That is the scenario that Tidal is in with artists, and one that the rumor would have transferred to Apple. Apple has played the loss-leader game before, but unlike Wal-Mart, Apple does not know how to make that work. They are far more comfortable selling dollar bills for $5 each and burying the extra money in a hole in the middle of nowhere.
This week, Apple confirmed what everyone already knew - they had no interest in Tidal. Jimmy Iovine said in an interview with BuzzFeed,
We're really running our own race. not looking to acquire any streaming services.
There's no arguing what the firmness of that statement. There is also no arguing that position - Apple does not need to acquire anyone to become competitive. They merely need to beat Google at their own game, by bundling the service with their devices.
The move that Spain made that pushed Google's hand was to charge Google for use of any content reproduced within Google News. The immediate response was a full service shutdown. Germany made a similar move, making Google pay 11 percent of revenue generated by content to the original authors. To this day, Germany's law has not generated any revenue for content producers because Google News does not generate any revenue.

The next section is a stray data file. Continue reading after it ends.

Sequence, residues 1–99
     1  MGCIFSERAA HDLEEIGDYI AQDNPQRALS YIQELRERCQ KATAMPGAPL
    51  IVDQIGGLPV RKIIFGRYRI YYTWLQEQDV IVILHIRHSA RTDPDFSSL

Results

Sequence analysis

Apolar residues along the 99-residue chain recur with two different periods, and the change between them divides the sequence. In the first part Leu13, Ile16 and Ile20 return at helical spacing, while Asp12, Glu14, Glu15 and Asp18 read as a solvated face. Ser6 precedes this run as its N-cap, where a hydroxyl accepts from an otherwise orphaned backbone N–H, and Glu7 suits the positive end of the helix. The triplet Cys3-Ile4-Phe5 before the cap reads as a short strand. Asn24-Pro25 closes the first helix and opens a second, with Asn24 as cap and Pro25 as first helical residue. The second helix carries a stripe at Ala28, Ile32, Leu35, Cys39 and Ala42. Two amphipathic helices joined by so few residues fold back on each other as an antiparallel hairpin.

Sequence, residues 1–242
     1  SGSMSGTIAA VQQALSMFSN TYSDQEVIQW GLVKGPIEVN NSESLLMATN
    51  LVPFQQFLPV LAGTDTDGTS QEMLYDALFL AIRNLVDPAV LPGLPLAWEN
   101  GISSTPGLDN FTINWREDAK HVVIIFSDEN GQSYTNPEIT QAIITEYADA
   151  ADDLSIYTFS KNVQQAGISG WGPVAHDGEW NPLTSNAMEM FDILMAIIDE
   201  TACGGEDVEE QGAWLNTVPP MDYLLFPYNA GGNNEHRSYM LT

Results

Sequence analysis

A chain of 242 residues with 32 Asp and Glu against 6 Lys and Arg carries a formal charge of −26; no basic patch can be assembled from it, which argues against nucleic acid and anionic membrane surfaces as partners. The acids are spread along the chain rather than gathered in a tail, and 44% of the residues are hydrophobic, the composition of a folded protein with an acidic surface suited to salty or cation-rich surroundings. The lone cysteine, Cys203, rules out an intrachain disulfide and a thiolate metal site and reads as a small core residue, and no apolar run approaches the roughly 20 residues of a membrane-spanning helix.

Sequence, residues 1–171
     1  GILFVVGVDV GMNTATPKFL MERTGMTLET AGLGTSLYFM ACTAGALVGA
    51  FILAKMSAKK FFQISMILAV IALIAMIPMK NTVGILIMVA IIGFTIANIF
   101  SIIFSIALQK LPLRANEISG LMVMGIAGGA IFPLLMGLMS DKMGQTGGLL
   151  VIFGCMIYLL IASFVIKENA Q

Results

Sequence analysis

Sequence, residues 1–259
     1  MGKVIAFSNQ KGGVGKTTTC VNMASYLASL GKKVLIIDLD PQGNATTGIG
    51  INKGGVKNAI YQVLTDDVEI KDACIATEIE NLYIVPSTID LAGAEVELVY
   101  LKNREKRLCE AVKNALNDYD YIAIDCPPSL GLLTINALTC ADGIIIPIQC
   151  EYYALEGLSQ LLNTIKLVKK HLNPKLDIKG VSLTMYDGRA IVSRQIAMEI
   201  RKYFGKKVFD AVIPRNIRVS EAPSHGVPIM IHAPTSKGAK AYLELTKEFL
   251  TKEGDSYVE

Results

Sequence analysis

Following in Spain's massive success, the EU is currently considering enacting the same ruling throughout Europe, with an added detail: it would affect all syndicated content. That means that if Google shows any snippet of content, they would be required to pay the content creator for the use of that content. Most, including Google, would argue fair use, though Spain and the EU disagree. They are not the first to disagree, either. IN 2011, Rupert Murdoch said,
There's a doctrine called fair use, which we believe to be challenged in the courts and would bar it altogether, but we'll take that slowly. The people who simply just pick up everything and run with it - steal our stories, we say they steal our stories - they just take them.
There is no telling if the EU will actually pass this regulation. If they do, it is even harder to guess what Google's response will be. In China, Google was willing to be censored completely rather than do it themselves, denying a government demand. Clearly this would not be the first time Google has shut down or ignored a government rule in the interest of an open and accurate internet, so it is likely that Google will fight with everything they have.